We continue to get closer and closer to unveiling how Jupiter was formed, which is the biggest planet in the Solar system with its gaseous atmosphere and a rocky core.
And now, NASA, based on a chemical analysis of the components found within its dense atmosphere, suggests it came closer to knowing how its formation occurred.
The journal Astronomy and Astrophysics has published its latest report from NASA in which a presented hypothesis says that Jupiter might have grown absorbing near drawf planets, attracted by its enormous gravity.
“It is very unique data that we can only get with a spacecraft orbiting around the planet,” Yamila Miguel, an astrophysicist from Leiden University and the author of the study, said.
Had it not absorbed those planets or special rocks, it has been said that Jupiter would have been the same size as the Earth or Mars. It is suggested that the stony material of Jupiter equals between 11 and 30 times the mass of the Earth. These materials constitute only the %3 or %9 of its total mass, which would mean the rest of it needs to be absorbed in a later stage.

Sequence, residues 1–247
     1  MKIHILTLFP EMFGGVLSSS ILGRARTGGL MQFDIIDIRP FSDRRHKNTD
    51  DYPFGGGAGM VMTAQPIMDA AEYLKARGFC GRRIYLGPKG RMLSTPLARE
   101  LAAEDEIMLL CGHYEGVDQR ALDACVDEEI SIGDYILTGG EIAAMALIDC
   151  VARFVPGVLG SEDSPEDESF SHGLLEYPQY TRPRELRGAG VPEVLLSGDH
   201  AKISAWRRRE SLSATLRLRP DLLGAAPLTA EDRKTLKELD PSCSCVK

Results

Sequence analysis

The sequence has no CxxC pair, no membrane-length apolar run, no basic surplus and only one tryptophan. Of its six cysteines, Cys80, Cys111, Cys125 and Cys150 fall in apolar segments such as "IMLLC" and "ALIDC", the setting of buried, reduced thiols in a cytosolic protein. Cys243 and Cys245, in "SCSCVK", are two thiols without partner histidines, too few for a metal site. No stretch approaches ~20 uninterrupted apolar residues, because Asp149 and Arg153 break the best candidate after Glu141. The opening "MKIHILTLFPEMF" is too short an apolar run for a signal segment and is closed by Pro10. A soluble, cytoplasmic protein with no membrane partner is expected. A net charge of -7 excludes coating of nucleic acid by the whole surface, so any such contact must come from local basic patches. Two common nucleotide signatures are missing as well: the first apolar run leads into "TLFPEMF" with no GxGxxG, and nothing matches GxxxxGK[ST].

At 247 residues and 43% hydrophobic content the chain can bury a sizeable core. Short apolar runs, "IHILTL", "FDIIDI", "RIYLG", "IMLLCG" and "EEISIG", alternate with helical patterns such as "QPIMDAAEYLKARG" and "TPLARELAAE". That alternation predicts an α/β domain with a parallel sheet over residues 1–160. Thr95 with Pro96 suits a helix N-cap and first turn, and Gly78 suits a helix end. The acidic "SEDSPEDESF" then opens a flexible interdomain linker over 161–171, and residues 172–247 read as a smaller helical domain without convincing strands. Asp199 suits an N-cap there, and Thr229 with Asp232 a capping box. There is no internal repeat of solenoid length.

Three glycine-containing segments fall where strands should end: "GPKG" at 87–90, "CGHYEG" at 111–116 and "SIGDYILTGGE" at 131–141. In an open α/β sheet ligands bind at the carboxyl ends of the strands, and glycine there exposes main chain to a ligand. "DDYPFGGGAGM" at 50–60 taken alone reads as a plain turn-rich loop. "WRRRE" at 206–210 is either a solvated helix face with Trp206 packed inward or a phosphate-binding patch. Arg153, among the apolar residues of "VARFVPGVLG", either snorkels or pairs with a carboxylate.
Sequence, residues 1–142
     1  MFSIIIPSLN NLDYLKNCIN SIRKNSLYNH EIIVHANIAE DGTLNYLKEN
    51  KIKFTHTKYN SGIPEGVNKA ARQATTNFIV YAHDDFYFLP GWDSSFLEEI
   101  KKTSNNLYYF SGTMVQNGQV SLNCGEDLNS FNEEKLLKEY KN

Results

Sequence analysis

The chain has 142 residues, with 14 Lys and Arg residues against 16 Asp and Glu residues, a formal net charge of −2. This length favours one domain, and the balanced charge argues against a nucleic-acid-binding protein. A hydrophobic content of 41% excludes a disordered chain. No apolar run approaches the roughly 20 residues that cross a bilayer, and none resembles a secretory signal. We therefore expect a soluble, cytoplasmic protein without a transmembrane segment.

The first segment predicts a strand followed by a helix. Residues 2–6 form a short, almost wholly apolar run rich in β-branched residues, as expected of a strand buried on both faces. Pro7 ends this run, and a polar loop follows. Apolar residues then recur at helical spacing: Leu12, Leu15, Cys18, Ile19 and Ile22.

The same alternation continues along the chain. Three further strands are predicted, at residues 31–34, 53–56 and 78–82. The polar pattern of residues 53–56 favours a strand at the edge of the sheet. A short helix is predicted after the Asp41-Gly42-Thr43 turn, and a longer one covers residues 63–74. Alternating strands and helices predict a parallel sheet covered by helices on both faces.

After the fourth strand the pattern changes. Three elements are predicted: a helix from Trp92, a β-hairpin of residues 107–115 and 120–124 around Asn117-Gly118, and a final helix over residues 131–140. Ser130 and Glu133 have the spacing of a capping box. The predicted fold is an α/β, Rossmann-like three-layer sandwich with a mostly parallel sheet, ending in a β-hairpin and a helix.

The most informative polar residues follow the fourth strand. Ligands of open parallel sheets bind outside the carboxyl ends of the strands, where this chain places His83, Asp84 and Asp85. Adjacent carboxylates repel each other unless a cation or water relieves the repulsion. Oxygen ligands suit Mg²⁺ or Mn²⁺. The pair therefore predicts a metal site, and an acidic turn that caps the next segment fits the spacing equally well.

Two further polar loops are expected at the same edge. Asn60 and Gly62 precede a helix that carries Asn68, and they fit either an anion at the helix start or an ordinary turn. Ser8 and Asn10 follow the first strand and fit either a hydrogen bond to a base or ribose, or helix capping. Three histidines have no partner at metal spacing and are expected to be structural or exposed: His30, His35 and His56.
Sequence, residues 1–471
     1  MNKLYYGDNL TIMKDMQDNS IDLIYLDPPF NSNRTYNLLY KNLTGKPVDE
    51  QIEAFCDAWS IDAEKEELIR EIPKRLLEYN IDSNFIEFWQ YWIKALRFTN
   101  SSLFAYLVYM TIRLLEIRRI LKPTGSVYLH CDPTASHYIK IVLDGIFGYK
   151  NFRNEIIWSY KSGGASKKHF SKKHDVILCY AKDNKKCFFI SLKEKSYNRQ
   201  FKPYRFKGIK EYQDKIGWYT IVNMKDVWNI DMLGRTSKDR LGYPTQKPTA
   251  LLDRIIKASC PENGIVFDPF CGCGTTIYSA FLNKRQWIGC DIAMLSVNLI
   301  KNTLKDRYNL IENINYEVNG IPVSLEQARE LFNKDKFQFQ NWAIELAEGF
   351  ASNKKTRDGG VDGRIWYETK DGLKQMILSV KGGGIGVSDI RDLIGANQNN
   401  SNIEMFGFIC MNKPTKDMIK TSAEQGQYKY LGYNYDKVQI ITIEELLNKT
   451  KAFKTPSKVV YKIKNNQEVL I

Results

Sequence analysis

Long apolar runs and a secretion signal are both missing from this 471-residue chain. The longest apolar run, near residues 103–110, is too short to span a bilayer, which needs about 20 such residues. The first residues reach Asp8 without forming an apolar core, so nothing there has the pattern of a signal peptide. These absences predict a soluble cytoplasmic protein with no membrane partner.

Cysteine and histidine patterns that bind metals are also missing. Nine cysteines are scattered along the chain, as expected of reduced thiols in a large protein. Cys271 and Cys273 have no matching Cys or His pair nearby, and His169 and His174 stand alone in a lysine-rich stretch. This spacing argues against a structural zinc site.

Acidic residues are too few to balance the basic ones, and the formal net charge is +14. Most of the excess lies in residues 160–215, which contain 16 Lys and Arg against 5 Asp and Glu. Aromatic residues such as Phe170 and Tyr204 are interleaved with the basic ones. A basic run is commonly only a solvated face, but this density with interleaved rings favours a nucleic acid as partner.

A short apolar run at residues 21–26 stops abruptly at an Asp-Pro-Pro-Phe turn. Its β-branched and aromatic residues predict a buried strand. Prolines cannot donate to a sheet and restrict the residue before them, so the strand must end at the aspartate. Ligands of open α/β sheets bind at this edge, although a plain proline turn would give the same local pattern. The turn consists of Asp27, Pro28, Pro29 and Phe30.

This suggestion is still not something verified, and furthermore, it does not present any problem for the Earth.
“Because we cannot directly observe how Jupiter was formed we have to put the pieces together with the information we have today,” Miguel said.
“And this is not an easy task.”